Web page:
• A small business owner verbally agrees with a freelance graphic designer to create a logo for $500. The designer begins work and delivers initial drafts. Despite the agreement being verbal, the designer can prove the existence of the contract through the initial drafts and any email correspondence discussing the project.
  2. Example 2: Purchase of Goods
    • A restaurant owner verbally agrees to purchase fresh produce from a local farmer on a weekly basis. The farmer delivers the produce for several weeks, and the restaurant owner pays as agreed. The consistent delivery and payment can serve as evidence of the verbal contract.

Risks and Limitations of Verbal Contracts

While verbal contracts can be legally binding, they come with significant risks and limitations:

  1. Lack of Clarity: Without written documentation, the terms of the agreement can be subject to interpretation and misunderstanding.
  2. Difficulty in Proving Terms: Proving the existence and specific terms of a verbal contract can be challenging, especially if disputes arise.
  3. Memory and Reliability: Over time, parties may forget the precise terms or even the existence of the contract, leading to disputes.

Best Practices for Small Business Owners

Given the potential risks, small business owners should consider the following best practices when dealing with verbal contracts:

  1. Document Everything: Whenever possible, put agreements in writing. Even if the initial agreement is verbal, follow up with a written confirmation via email or a formal contract.
  2. Use Confirmatory Letters: Send a confirmatory letter or email summarizing the terms of the verbal agreement. This can serve as evidence if disputes arise.
  3. Maintain Records: Keep detailed records of all communications, transactions, and actions related to the agreement.
  4. Seek Legal Advice: Consult with a legal professional to ensure that your agreements are legally sound and to understand the implications of verbal contracts.


Verbal contracts can be legally binding in Florida, provided they meet the basic requirements of contract law and do not fall under the Statute of Frauds. For small business owners, understanding the enforceability and risks associated with verbal contracts is crucial for making informed decisions. While verbal agreements offer flexibility and can be suitable for certain transactions, documenting agreements in writing is always the best practice to ensure clarity and reduce the risk of disputes. By following best practices and seeking legal advice when necessary, small business owners can navigate the complexities of verbal contracts and protect their business interests effectively. If you have questions about a verbal contract, contact the Business lawyers at MSD Business today for a free consultation.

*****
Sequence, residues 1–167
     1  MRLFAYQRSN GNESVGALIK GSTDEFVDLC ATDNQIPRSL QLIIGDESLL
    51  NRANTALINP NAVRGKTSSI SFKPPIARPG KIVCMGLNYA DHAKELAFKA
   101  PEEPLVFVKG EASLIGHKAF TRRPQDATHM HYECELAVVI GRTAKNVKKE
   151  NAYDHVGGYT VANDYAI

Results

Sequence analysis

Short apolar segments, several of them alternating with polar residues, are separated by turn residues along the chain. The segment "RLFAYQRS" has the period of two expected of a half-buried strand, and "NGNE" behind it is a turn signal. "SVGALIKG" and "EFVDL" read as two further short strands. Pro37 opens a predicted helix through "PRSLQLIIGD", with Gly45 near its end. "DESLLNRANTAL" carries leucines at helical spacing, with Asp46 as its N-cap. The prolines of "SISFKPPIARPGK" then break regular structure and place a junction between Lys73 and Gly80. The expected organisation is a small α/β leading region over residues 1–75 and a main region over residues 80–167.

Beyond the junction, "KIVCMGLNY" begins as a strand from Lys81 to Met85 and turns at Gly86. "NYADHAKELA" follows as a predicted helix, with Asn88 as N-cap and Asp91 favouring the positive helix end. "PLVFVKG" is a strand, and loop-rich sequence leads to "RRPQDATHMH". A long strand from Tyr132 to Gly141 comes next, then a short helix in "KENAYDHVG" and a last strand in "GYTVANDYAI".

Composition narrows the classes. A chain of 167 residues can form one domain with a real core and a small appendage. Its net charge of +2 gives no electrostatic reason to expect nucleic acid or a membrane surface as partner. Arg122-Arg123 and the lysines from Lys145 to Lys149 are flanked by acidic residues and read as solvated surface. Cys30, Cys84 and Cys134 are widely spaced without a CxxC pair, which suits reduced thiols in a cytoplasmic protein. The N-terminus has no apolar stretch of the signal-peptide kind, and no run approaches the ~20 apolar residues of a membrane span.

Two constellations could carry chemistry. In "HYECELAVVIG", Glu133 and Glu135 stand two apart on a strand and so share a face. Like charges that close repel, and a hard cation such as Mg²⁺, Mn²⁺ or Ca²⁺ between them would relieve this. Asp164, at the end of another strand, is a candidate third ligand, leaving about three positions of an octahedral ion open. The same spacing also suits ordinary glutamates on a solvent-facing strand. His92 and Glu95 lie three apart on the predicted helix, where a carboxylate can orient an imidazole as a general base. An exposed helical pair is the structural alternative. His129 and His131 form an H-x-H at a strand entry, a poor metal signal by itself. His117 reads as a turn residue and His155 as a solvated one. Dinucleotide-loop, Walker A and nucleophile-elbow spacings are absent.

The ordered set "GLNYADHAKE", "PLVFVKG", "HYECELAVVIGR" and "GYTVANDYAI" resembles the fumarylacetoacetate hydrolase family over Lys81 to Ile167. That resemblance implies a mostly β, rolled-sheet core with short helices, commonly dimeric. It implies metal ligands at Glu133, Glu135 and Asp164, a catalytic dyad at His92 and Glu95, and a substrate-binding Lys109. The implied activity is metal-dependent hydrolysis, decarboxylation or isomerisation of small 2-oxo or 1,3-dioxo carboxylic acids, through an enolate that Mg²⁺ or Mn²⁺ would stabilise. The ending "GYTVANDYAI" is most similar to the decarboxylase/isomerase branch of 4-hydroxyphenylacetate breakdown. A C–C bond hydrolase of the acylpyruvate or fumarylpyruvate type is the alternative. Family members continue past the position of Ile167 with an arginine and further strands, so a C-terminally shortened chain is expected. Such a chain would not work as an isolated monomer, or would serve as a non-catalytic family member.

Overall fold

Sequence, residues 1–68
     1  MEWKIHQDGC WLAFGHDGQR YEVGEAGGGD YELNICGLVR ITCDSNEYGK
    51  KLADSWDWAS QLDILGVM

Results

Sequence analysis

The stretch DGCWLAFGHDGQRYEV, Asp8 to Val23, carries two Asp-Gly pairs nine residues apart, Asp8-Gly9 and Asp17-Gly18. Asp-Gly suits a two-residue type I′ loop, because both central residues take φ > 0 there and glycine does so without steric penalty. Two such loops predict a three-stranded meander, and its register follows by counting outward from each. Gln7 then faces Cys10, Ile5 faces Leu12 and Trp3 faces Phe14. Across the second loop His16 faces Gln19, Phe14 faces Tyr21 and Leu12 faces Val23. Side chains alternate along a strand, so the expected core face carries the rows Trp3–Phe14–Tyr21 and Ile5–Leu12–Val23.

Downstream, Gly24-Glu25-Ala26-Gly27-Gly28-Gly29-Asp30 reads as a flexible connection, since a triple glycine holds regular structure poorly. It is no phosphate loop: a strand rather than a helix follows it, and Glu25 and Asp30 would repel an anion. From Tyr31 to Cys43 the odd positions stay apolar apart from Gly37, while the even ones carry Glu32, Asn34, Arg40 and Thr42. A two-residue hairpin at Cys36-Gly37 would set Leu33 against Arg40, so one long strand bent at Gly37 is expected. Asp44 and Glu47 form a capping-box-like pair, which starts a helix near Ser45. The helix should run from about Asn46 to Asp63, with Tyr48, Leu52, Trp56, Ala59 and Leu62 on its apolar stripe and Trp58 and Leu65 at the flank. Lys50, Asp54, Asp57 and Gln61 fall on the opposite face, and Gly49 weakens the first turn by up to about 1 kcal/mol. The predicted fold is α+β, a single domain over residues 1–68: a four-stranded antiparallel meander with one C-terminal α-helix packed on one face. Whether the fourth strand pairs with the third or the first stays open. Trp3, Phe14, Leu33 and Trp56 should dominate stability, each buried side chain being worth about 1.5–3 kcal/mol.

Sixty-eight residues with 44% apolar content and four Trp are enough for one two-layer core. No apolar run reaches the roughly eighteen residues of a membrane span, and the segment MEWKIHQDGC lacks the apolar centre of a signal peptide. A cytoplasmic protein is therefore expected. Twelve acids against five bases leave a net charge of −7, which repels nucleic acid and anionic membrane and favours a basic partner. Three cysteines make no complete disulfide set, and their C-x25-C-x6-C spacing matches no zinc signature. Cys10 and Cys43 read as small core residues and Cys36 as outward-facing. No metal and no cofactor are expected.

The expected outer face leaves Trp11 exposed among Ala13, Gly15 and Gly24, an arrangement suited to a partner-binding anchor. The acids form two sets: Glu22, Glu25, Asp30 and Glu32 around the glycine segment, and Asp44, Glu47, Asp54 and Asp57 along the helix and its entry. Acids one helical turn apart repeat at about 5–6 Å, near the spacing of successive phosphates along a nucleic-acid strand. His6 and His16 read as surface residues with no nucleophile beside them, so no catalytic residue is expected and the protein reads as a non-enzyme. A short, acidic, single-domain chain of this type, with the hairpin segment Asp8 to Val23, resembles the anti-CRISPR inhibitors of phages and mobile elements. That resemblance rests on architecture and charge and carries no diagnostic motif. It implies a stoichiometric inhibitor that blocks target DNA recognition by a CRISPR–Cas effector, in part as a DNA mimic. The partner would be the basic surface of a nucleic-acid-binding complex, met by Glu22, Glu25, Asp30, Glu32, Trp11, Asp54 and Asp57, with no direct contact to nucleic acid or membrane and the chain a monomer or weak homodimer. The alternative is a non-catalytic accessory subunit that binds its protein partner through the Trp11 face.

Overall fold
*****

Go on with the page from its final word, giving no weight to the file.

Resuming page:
About the Author:

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Chase Carpenter is a partner in the Business Division of Law Offices of Moffa, Sutton, & Donnini, P.A. His practice revolves around business transactions and business litigation. Mr. Carpenter handles a wide range of cases including contract drafting, partnership disputes, commercial leases, and construction litigation. These cases encompass diverse industries, including healthcare, technology, real estate investment, and government contracting.

About the Firm:

The Law Offices of Moffa, Sutton, & Donnini, P.A., also known as MSD Business, is a local business law firm in Tampa, FL, serving clients throughout Fort Lauderdale and statewide. Our firm has a long history of helping clients navigate all types of complex legal matters, including local and state tax issues. In our business law practice, we assist clients with everything from mergers and acquisitions to contract disputes, business litigation, general counsel, and more.